3. What sort of e-mail system are you integrating with? If it's Exchange, what programmatic interfaces are available to access a mailbox? Until the most recent version of Exchange, interestingly enough, there were issues with accessing a mailbox on an Exchange server (The client-side CDO COM components needed to be used which is not ideal---and there were security limitations).

By far the simplest approach is to poll a mailbox using POP3. However, if you need to respond immediately to an incoming message, then this isn't going to cut it.

As far as possible avoid writing your own SMTP service--it's been done a thousand times before and you're just creating unnecessary work for yourself and exposing yourself to security threats. If you absolutely have to respond immediately to messages, then rather set up an instance of Sendmail or Postfix to spawn a process that you have written.

If you're going to go for the POP3 solution (it looks like you are), then have a read of related questions "Free POP3 .NET library?" and "Reading Email using POP3 in C#".

share|improve this answer
There are no real latency requirements, although it would be nice to process them as they arrive to spread out CPU usage as much as possible. This won't be a server that will get much throughput. There will be a few usage spikes (this is for a contest), but after that, use will be pretty low. Messages will be up to 1 MB each (they include a short mobile video.) The e-mail system to integrate with hasn't been decided yet, but I don't think it will be Exchange. And finally, I intend to do this with as much code reuse as possible so pointers to libraries are appreciated. –  Blixt Aug 7 '09 at 11:04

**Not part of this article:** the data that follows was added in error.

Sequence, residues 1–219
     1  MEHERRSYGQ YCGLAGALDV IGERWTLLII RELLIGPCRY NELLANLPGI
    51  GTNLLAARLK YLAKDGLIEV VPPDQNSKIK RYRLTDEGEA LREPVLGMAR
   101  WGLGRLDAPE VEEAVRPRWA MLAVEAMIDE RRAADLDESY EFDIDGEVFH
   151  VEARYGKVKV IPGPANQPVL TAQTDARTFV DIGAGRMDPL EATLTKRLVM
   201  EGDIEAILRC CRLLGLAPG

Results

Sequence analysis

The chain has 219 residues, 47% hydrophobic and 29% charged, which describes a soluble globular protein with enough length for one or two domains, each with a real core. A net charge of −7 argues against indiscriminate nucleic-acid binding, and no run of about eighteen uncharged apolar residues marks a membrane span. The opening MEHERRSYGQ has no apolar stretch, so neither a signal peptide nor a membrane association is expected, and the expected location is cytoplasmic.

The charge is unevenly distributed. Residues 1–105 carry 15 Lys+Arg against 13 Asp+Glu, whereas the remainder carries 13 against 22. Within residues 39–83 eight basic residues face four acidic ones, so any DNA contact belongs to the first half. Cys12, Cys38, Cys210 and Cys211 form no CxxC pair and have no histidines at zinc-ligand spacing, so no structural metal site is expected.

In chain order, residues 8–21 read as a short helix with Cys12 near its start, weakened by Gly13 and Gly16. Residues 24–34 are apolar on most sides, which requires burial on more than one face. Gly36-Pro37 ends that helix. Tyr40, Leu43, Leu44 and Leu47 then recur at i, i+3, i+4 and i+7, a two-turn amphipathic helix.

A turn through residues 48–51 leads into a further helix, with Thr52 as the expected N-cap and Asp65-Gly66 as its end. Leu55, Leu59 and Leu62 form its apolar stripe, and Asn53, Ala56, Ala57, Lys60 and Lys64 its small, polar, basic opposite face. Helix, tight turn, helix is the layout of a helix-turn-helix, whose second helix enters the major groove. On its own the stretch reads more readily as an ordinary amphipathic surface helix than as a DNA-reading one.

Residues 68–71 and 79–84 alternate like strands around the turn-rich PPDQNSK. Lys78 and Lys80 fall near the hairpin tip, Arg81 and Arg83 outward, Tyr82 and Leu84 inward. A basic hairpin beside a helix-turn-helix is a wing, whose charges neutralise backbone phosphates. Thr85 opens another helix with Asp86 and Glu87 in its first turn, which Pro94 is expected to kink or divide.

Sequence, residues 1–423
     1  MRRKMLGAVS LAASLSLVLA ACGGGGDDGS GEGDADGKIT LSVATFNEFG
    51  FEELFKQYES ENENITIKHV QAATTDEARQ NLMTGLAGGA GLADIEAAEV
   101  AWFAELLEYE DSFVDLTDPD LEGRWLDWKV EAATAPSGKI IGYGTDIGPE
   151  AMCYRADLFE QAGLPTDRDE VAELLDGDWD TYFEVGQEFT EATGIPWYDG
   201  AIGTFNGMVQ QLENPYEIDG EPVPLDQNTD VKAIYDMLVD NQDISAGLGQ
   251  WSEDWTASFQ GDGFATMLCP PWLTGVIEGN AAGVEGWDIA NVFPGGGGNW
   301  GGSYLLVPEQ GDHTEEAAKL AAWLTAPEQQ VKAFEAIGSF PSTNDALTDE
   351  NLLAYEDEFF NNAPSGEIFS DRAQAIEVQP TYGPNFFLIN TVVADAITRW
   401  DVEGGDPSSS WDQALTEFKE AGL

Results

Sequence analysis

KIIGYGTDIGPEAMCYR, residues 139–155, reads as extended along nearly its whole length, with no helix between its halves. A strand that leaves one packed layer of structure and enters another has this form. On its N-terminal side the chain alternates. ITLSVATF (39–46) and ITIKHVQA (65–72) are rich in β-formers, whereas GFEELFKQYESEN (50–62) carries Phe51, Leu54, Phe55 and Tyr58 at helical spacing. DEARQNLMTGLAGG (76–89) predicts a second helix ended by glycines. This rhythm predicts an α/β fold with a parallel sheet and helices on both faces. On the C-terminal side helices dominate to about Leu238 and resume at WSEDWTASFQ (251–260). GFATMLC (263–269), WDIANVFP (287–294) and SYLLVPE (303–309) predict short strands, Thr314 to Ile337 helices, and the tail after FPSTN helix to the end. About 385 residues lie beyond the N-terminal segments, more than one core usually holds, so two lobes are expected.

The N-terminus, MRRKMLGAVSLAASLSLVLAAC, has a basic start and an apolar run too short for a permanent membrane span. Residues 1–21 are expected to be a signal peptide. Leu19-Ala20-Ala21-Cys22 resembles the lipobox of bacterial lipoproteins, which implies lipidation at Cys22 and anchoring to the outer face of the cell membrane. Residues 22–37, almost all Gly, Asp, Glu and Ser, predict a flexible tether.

Receiving the email is not the hardest part, parsing, extracting attachments is.

If any one is interested in commercial product take a look at Mail.dll. It supports IDLE command you have mentioned for instant notifications.

Mail.dll includes POP3, IMAP clients and powerful MIME parser:

using(Imap imap = new Imap())
    imap.Login("user", "password");

    List<long> uidList = imap.SearchFlag(Flag.Unseen);
    foreach (long uid in uidList)
        IMail mail = new MailBuilder()

Please note that this is commercial product that I've created.

You can download it at http://www.lesnikowski.com/mail

share|improve this answer

Some of the .net components from http://www.quiksoft.com/ might help with your requirement.

The app polls a POP3 mail server every x minutes(s) and works it's way through the messages in the queue, and deletes them when it's processed each msg.

The QuikSoft tools also provide ways to parse the emails to get the content from each msg.

share|improve this answer

I've used webdav in the past with c# to access an exchange server periodically and process emails.

This has worked quite well, and I'd probably use that method again if I need to do it.

share|improve this answer

Your Answer


By posting your answer, you agree to the privacy policy and terms of service.

Not the answer you're looking for? Browse other questions tagged or ask your own question.